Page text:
has been reported by the OoA. Based on this digital data, about
90% of the woreda receives mean annual rainfall of between 850
and 1000mm. Metema has a unimodal rainfall. The rainy months
extend from June until the end of September. However, most of the
rainfall is received during the months of July and August. Rainfall
during these months is erratic, combined with the poor workability
of most of the soils, farm operations are also affected. The soils
in the area are predominantly black and some are soils with vertic
properties. Due to the season, soils in most of the areas visited
were observed with excessive cracks, which could be as deep as
0.75m in some places.
Homogeneous site was delineated for the selection of trees.
Trees which have similar tapping history and be tapped one year
before the experiment started were selected. Within each area,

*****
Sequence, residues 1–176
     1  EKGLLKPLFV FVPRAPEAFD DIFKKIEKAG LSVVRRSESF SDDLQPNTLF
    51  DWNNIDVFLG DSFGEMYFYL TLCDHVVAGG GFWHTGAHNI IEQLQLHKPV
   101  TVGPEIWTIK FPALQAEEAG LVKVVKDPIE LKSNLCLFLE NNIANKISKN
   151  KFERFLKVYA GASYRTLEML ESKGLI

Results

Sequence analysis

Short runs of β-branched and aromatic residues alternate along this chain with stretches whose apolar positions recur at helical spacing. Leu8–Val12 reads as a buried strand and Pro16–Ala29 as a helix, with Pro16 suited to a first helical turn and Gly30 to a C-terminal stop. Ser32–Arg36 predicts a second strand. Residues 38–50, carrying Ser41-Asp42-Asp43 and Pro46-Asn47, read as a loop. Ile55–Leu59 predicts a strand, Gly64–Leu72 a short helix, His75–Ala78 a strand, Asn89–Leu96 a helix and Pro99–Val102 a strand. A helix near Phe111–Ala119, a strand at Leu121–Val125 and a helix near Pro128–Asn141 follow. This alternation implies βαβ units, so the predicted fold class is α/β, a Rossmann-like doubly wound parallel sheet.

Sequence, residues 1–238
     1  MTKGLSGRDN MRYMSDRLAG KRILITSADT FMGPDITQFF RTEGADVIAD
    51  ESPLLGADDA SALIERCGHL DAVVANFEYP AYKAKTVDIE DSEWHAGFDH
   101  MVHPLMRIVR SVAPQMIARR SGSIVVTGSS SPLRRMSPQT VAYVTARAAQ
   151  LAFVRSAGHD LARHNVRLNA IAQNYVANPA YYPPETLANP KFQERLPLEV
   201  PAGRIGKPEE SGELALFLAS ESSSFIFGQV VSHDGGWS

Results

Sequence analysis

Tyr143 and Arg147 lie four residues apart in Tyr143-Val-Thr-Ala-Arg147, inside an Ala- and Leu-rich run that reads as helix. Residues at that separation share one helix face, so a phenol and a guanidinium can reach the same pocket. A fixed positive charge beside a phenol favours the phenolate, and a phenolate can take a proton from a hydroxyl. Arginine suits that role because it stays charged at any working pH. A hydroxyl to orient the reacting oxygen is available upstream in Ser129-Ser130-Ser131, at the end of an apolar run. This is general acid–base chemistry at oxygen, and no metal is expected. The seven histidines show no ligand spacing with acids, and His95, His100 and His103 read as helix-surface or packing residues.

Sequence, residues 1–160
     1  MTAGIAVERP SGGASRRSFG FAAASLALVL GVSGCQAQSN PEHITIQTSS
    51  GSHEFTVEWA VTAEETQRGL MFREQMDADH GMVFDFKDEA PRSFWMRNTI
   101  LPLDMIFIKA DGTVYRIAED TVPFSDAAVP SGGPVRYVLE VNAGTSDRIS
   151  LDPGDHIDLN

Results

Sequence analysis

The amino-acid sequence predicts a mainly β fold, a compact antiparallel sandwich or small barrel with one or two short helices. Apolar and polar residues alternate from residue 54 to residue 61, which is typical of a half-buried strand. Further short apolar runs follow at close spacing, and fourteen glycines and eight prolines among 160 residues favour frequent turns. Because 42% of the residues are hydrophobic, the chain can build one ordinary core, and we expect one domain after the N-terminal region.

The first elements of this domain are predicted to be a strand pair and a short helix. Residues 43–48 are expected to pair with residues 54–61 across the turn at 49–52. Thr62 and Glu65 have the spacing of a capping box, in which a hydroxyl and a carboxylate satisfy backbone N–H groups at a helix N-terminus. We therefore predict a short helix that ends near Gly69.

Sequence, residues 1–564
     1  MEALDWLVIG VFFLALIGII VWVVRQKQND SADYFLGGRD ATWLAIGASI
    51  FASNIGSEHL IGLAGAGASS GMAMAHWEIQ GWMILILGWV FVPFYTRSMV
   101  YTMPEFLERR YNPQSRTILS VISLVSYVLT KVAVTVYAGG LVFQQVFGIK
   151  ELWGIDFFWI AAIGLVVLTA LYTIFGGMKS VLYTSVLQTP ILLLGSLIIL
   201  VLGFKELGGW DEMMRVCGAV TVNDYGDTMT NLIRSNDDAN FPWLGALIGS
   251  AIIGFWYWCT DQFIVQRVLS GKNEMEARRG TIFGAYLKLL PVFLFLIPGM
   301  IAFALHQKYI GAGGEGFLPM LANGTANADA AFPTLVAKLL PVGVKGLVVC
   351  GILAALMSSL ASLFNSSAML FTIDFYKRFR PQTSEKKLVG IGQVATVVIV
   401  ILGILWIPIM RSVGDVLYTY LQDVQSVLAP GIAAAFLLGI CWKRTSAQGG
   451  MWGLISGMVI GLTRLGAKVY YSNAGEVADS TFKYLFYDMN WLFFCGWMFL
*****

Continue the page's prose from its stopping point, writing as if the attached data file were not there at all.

trees having diameters of 10-20 and >20cm were randomly selected.
For each diameter class, twenty-five trees taken and labeled.
These trees then allocated to five different tapping resting
categories (n=5 per tapping resting categories) i.e. tapped in each
years, tapped one year and rest one year, tapped for two years and
rest one year, tapped for three years and rest one year and the
remaining are left without being taped. Following the traditional/
local practices each category was taped according to the time
allocated for each trial i.e.1, 2, 3 and 4 years. Each sampled tree
was tapped eleven times every year (T1-T11). The gum obtained
from each tree then collected and compared to see the impact of
resting on the yield of gum from the trees. Analysis of variance
was performed to assess variations among Treatments. Lsd mean
separation method was employed if significant differences are
found among experimental variables. And the result is presented
in means and graph forms
From the frankincense yield collected from tapping of matured
Boswellia papyrifera tress, it has been possible to identify the high
yielding time from the trees. Since frankincense production is the
response of physiological responses of the tress to stress, it is important
to identify the best time for the trees to response actively